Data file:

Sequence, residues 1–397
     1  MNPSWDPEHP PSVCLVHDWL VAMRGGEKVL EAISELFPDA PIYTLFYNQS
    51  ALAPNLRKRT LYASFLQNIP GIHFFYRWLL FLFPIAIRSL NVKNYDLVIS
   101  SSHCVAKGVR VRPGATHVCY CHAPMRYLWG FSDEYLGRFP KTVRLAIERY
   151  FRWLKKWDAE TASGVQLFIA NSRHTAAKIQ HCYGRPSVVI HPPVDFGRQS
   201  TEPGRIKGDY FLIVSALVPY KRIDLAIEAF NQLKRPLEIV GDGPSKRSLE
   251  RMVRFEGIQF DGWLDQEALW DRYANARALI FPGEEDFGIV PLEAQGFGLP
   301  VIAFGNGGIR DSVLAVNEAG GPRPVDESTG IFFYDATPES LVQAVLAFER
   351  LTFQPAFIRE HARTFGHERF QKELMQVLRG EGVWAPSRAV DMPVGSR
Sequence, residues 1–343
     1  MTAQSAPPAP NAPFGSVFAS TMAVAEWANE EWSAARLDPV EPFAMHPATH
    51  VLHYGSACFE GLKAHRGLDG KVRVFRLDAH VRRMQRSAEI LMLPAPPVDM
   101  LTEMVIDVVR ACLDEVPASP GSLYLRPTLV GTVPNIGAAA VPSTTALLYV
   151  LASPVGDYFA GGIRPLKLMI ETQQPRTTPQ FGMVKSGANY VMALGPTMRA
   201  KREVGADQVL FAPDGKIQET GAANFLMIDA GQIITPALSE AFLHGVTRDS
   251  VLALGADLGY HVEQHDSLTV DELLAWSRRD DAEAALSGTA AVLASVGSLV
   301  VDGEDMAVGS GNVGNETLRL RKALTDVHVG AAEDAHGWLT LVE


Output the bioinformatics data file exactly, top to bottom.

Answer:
Sequence, residues 1–397
     1  MNPSWDPEHP PSVCLVHDWL VAMRGGEKVL EAISELFPDA PIYTLFYNQS
    51  ALAPNLRKRT LYASFLQNIP GIHFFYRWLL FLFPIAIRSL NVKNYDLVIS
   101  SSHCVAKGVR VRPGATHVCY CHAPMRYLWG FSDEYLGRFP KTVRLAIERY
   151  FRWLKKWDAE TASGVQLFIA NSRHTAAKIQ HCYGRPSVVI HPPVDFGRQS
   201  TEPGRIKGDY FLIVSALVPY KRIDLAIEAF NQLKRPLEIV GDGPSKRSLE
   251  RMVRFEGIQF DGWLDQEALW DRYANARALI FPGEEDFGIV PLEAQGFGLP
   301  VIAFGNGGIR DSVLAVNEAG GPRPVDESTG IFFYDATPES LVQAVLAFER
   351  LTFQPAFIRE HARTFGHERF QKELMQVLRG EGVWAPSRAV DMPVGSR
Sequence, residues 1–343
     1  MTAQSAPPAP NAPFGSVFAS TMAVAEWANE EWSAARLDPV EPFAMHPATH
    51  VLHYGSACFE GLKAHRGLDG KVRVFRLDAH VRRMQRSAEI LMLPAPPVDM
   101  LTEMVIDVVR ACLDEVPASP GSLYLRPTLV GTVPNIGAAA VPSTTALLYV
   151  LASPVGDYFA GGIRPLKLMI ETQQPRTTPQ FGMVKSGANY VMALGPTMRA
   201  KREVGADQVL FAPDGKIQET GAANFLMIDA GQIITPALSE AFLHGVTRDS
   251  VLALGADLGY HVEQHDSLTV DELLAWSRRD DAEAALSGTA AVLASVGSLV
   301  VDGEDMAVGS GNVGNETLRL RKALTDVHVG AAEDAHGWLT LVE